By Claudia Assis
Ross Stores Inc. late Thursday became the latest retailer to report disappointing quarterly results and dial down on its outlook, pointing at inflation and rising freight and wage costs as the culprits.
Ross /zigman2/quotes/202639496/composite ROST +0.23% said it earned $338 million, or 97 cents a share, in the first quarter, compare with $476 million, or $1.34 a share, in the year-ago period.
Sales dropped to $4.3 billion, from $4.5 billion a year ago. Same-store sales fell 7%, Ross said.
Analysts polled by FactSet expected the retailer to report earnings of $1 a share on sales of $4.5 billion. Same-store sales were seen dropping 2.7% year-on-year.
The stock dropped more than 16% in the after-hours session.
Earlier this week, both Target Corp. /zigman2/quotes/207799045/composite TGT -0.62% and Walmart Inc. /zigman2/quotes/207374728/composite WMT +0.71% disappointed Wall Street with first-quarter misses.
“We are disappointed with our lower-than-expected first-quarter results,” Chief Executive Barbara Rentler said in a statement.
“Following a stronger-than-planned start early in the period, sales underperformed over the balance of the quarter,” Rentler said.
Ross was aware that fiscal 2022 was going to be “a difficult year to predict,” Rentler said, especially the first half as compared with last year, which had government stimulus checks and “significant customer pent-up demand” as pandemic-related restrictions eased, the executive said.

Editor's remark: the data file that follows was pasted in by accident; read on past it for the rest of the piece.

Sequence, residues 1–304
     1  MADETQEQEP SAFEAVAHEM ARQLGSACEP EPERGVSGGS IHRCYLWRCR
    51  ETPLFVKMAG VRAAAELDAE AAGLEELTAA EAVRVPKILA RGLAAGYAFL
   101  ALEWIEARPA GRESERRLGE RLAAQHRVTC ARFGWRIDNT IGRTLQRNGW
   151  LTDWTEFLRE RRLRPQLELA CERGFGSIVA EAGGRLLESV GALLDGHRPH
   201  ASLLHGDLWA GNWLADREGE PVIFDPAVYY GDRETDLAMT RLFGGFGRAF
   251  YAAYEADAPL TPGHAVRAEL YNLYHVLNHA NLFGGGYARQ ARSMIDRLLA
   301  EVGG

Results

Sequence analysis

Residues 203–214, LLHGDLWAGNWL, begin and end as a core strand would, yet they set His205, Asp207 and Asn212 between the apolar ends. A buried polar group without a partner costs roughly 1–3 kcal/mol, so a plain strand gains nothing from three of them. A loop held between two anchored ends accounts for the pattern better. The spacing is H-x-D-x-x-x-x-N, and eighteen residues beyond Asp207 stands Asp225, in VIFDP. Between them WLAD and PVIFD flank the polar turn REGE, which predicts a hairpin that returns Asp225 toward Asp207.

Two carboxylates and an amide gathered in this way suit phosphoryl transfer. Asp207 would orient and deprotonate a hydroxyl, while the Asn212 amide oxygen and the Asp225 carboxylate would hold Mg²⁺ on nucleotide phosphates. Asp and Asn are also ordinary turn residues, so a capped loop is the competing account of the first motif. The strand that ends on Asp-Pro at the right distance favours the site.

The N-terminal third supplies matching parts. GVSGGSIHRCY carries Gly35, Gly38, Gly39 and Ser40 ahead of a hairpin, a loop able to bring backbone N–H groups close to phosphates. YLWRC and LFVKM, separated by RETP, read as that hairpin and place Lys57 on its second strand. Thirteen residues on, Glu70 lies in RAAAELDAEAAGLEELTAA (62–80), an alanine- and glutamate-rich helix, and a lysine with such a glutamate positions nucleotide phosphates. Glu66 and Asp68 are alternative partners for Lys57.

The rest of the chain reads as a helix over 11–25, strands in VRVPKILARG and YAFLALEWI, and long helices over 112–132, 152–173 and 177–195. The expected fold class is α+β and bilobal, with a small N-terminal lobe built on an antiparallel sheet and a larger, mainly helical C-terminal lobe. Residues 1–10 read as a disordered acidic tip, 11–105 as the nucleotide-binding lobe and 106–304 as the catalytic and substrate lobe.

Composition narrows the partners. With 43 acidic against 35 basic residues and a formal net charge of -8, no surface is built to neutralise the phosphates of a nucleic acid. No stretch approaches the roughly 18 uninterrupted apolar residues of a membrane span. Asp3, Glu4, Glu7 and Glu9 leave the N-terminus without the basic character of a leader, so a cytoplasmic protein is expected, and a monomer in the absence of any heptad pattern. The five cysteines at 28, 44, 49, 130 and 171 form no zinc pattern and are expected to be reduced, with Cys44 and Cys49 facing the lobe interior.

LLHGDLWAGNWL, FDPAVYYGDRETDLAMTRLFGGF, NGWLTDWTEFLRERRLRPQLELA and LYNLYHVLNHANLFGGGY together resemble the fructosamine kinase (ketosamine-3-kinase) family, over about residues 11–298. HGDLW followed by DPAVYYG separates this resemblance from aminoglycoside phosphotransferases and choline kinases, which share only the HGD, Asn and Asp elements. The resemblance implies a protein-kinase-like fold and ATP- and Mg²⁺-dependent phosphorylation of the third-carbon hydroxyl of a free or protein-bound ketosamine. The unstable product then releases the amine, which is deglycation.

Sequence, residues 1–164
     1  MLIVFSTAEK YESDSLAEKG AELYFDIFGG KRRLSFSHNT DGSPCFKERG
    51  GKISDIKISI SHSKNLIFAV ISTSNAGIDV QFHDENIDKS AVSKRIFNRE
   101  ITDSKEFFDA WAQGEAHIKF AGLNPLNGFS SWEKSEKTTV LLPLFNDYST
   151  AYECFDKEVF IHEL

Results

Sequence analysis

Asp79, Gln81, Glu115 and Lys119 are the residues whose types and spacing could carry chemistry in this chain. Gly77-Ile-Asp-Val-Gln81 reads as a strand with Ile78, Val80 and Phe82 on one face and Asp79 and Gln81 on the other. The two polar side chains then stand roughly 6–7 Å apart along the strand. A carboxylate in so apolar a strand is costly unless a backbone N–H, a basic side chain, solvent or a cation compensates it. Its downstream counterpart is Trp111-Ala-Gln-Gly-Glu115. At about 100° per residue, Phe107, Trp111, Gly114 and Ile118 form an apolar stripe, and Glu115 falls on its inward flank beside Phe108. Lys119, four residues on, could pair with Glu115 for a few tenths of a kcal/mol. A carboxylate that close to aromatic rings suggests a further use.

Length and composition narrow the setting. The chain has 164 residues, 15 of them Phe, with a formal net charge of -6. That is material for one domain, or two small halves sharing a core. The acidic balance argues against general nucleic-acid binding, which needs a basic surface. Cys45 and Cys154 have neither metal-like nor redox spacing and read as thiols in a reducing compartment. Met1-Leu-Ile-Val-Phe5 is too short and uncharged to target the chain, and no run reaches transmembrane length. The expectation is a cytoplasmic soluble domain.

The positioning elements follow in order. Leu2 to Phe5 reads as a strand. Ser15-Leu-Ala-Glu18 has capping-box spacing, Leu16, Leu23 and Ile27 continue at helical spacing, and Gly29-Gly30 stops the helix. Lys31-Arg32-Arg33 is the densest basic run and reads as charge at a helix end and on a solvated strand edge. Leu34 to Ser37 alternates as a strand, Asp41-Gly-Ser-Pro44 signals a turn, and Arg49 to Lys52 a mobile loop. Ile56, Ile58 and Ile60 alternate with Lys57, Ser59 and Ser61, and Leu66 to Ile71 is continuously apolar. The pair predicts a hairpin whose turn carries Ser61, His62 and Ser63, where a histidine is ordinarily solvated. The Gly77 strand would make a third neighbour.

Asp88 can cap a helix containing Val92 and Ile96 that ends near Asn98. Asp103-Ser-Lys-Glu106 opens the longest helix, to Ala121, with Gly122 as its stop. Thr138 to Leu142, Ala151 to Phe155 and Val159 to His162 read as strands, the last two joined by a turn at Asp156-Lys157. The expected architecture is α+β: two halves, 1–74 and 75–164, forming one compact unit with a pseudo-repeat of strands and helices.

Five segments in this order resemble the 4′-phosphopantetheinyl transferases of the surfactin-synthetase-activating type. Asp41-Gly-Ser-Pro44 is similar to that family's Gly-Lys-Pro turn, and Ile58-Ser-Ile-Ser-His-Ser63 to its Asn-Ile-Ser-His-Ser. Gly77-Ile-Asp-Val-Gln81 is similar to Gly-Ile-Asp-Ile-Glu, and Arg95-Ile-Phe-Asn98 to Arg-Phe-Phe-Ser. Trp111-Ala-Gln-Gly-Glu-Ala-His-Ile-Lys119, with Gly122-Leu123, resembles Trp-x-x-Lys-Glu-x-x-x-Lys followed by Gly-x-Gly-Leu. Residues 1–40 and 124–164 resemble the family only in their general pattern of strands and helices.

“The external environment has also proven extremely challenging as the Russia-Ukraine conflict has exacerbated inflationary pressures on the consumer not seen in 40 years.”
Margins dropped nearly 11% in the quarter, reflecting the same-store sales decline and “ongoing” headwinds from higher freight and wage costs that began climbing in the second half of last year, the company said.
Given the lower results and an “increasingly uncertain” macroeconomic and geopolitical environment, Ross was adopting a “more conservative outlook” for the remaining months, Rentler said.
The company said it expects same-store sales for the quarter ending July 20 to drop between 4% and 6%. Per-share earnings are seen between 99 cents and $1.07, which would compare with EPS of $1.39 in last year’s second quarter.
Ross forecast comparable-store sales to decline between 2% and 4% in the year, compared with a 13% gain in fiscal 2021. The retailer projected EPS for fiscal 2022 between $4.34 and $4.58, compared with $4.87 in the prior year.
“We have shown in the past that our value-focused business model has served us well in both healthy and more uncertain external climates and believe the current challenging conditions will be no different,” Rentler said.
Shares of Ross have dropped about 19% sso far this year, nearly matching a loss of around 18% for the S&P 500 index /zigman2/quotes/210599714/realtime SPX +0.36% .